However, the challenge lay in breaking a long polyethylene chain into several shorter ones, but not too short, and doing it efficiently. Liu saw this as an opportunity to develop a fresh method of recycling. His vision was to transform low-value plastic waste into a high-value and practical product, offering a new way to repurpose plastics for beneficial use.

“Firewood is mostly made of polymers such as cellulose. The combustion of firewood breaks these polymers into short chains, and then into small gaseous molecules before full oxidation to carbon dioxide,” said Liu, holder of the Blackwood Junior Faculty Fellowship of Life Sciences in the Department of Chemistry.”

“If we similarly break down the synthetic polyethylene molecules but stop the process before they break all the way down to small gaseous molecules, then we should obtain short-chain, polyethylene-like molecules.”


From plastic waste to soap: learning the production of surfactants

Liu and his team created a unique device, a special reactor to transform plastic waste into surfactants, which will inevitably turn into soap afterwards. This special reactor heats and condenses plastic in a way that changes it into a waxy substance with shorter carbon chains.

Working alongside Zhen Xu and Eric Munyaneza, two chemistry Ph.D. students in Liu’s laboratory, Liu constructed a small, oven-like device. This special contraption allowed them to heat polyethylene using a method called temperature-gradient thermolysis. In this process, the lower part of the oven reached a high temperature, breaking down the polymer chains, whilst the upper part stayed cool to prevent further breakdown.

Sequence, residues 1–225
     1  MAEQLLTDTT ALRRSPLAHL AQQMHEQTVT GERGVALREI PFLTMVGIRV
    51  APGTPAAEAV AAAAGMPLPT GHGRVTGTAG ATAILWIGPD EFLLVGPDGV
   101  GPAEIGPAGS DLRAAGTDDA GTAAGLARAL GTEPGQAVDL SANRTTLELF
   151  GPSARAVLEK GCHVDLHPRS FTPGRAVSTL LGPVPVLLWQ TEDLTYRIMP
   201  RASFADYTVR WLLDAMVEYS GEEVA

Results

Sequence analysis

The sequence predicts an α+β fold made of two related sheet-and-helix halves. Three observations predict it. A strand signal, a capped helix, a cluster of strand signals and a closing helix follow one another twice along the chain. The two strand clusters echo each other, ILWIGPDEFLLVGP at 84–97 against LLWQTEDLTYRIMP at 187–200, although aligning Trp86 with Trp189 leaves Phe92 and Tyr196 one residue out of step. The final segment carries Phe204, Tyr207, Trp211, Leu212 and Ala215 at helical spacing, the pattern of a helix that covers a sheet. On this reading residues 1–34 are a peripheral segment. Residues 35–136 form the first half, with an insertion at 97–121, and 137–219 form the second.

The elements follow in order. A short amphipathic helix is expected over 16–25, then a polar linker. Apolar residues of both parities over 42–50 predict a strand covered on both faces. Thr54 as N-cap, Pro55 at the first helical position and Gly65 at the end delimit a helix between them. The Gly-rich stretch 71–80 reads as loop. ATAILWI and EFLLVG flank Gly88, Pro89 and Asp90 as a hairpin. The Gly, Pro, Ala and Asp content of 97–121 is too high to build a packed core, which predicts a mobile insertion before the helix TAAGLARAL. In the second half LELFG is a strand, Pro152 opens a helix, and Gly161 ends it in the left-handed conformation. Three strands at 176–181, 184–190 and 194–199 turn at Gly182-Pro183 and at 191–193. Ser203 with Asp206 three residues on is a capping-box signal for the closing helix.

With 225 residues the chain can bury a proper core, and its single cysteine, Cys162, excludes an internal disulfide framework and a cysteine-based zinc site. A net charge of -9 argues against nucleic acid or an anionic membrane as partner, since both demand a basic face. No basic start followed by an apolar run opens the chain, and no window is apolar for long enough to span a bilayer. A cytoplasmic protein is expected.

Upon the completion of the thermolysis process, they collected the residue, similar to the cleaning of soot from a chimney. Afterwards, and much to their delight, they discovered that Liu’s intuition was accurate: the residue consisted of what’s termed “short-chain polyethylene,” or more precisely, waxes.

Then, by adding groups of oxygen atoms to the ends of these chains and treating them with a special alkaline solution, the researchers converted this wax into a surfactant.

To make this surfactant into soap, they mixed it with a dash of dye and fragrance, creating small soap bars. This innovative process showcased how we could turn plastic into a useful product like soap through clever chemical steps and treatments.

Similarly, this finding showcased how they successfully transformed polyethylene into a different form (in this case, soap) through controlled heating and cooling, opening new possibilities for recycling plastic waste.


More information about Waster

Does your Australian-based business need waste and recycling services? If so, then you have come to the right website!

Please call 1300 WASTER (1300 927 837). You can also email us at if you have any further questions. Find the best deals in terms of waste and recycling pricing and services!


commingled recycling cta